Proper, effective and efficient communication may be the single most important ingredient to project success. I feel strongly that project communication is the most important part of a PM’s daily responsibilities and overall good communication is the responsibility of every stakeholder. Drop the ball on communication, and you might be looking at rework, a missed deadline, expenses pushing the project over budget and customer concerns or misunderstandings that can drive a project into the ground – faster than you can ever imagine.
There is no magic wand to wave that will ensure a project won’t suffer issues. Even a project that starts out with a formal communication plan in hand and a PM dedicated to staying on top of all communication channels at all times may still suffer from communication breakdowns.
Review status regularly as a team
Since a tightly knit, cohesive team is usually tantamount to success, it would make sense that a team that communicates well, accurately, and frequently is also more likely to experience success and be more productive. Therefore, scheduling team meetings, communication, and task and status reviews regularly is always going to be a good idea. Keep in mind, it doesn’t always have to be a meeting. Daily updates via email can be enough to make your team feel like they know everything about the project at any given minute. One of my business analysts on a project – who was also working on three other projects with three other project managers – told me that he received more emails from me than the other Project Managers. He said he always felt like he knew my project status much better because of this, and he knew what tasks he should be working on at any given time.
Keep meetings regular
Regular meetings = a stable stakeholder environment = communications that are comfortable and open. If you are conducting – as you should be – regular project status reviews with the customer or weekly project team meetings to keep the crew focused and up to date, keep those meetings no matter what. Even if there isn’t much to say at any given meeting, still conduct it… even if it ends up being a 5 minute talk about what everyone is doing this weekend. You never know when some piece of key project information may slip through the cracks when a meeting is canceled that should have otherwise been held. Plus, when you start to cancel meetings, people who would normally be in attendance may feel that your meetings aren’t as critical as others they could be attending and your attendance and participation levels may drop. You’ve then lost key participants and decision makers, which can be disastrous for the project, and it’s often very difficult to rein those individuals back in.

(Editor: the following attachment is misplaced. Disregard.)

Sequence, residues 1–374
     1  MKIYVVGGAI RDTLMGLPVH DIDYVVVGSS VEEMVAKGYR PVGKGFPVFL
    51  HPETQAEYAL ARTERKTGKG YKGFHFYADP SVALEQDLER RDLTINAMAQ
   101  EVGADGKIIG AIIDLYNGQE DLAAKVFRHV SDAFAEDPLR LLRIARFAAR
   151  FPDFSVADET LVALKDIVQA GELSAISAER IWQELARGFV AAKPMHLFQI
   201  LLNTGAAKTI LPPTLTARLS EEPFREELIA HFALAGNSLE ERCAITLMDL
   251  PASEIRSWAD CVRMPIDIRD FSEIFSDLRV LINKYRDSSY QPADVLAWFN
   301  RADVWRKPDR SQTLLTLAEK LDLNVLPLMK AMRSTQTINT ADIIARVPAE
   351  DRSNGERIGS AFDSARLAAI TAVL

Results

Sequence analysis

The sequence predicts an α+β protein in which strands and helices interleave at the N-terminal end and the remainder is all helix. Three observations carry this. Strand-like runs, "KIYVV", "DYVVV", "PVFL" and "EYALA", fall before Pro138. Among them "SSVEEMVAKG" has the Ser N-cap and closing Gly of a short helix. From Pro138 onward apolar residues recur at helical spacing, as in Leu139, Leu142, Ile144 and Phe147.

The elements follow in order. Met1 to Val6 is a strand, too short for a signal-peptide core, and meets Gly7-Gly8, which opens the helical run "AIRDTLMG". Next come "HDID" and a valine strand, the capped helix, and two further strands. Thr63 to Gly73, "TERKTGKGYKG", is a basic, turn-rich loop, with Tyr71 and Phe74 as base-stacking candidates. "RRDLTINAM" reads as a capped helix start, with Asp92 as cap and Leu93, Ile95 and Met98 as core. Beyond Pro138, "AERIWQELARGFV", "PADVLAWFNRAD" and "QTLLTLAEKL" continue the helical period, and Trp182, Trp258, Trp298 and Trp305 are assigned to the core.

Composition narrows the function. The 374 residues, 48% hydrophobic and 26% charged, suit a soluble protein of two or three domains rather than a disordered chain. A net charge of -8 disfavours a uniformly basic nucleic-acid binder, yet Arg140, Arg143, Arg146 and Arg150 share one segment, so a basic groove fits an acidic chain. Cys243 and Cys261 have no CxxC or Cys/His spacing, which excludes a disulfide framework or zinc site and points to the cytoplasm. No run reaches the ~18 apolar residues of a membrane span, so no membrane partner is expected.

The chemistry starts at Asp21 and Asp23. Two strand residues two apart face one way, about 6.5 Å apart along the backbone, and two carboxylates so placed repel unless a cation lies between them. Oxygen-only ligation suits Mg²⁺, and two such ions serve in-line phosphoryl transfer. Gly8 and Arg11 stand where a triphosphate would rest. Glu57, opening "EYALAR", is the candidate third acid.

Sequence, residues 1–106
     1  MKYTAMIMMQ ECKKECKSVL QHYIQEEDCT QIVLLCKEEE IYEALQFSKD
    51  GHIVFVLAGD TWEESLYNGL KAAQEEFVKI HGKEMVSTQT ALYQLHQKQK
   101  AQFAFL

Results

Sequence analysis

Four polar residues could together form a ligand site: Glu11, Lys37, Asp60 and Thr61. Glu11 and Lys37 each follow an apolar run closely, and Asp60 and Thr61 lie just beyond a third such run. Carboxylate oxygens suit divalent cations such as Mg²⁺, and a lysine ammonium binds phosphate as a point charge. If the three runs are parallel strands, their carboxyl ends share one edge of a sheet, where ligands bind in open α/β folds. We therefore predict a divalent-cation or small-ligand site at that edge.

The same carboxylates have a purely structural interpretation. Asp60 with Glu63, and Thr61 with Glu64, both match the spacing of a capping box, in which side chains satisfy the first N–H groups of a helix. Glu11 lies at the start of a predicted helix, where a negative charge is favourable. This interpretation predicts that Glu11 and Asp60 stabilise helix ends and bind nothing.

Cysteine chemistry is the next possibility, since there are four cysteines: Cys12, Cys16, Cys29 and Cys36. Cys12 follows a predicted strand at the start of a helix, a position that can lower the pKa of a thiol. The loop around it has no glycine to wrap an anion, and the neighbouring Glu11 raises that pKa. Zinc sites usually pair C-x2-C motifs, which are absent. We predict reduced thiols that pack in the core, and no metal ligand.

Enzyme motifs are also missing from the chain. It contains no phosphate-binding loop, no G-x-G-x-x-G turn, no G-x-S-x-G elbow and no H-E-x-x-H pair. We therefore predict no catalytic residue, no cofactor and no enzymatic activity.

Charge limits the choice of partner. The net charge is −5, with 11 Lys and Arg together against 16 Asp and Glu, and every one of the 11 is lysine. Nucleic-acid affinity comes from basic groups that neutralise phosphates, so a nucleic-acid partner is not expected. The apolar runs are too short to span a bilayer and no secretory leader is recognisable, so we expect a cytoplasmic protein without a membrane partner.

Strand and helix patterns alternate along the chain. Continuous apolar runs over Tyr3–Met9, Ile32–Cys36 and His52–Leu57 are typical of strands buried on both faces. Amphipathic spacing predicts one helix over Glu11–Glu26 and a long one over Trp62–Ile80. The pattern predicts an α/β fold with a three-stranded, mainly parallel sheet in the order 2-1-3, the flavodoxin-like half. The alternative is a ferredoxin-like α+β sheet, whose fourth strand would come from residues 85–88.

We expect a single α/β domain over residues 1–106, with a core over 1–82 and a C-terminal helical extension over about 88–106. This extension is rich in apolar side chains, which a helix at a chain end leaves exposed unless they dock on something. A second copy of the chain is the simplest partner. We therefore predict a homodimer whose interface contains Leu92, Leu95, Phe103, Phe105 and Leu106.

Follow up on key communications
Always, always, always follow up. Making sure everyone is on the same page after meetings, brainstorming synchs, troubleshooting sessions or after any customer communications is critical to moving forward in the right direction. Follow up with notes and ask for a 24-hour turnaround response with any feedback or changes from those involved in the discussions. If something has changed, redistribute your communication with updates and everyone will be back on the same page again.
Summary / call for input
Communication is Job One for the project manager, in my opinion. Keep communication in order, and you’ve taken huge steps to ensuring project success and top team performance for your customer. If you are experiencing any communication issues on your project, try to identify any communication gaps that may be clouding the team’s comprehension of scope and requirements or, where people aren’t aligned after the meetings you’re conducting, try the tips above as a way to get things back on track. A strong line of communication with the project client is also a very good way to keep customer satisfaction high and hopefully secure repeat business from your stakeholders.
Readers – what are your thoughts on project communication issues? What do you commonly see as communication problems on the projects and how do you best avoid or mitigate them?
Brad Egeland is a Business Solution Designer and IT/PM consultant and author with over 25 years of software development, management, and project management experience. Visit Brad’s site at www.bradegeland.com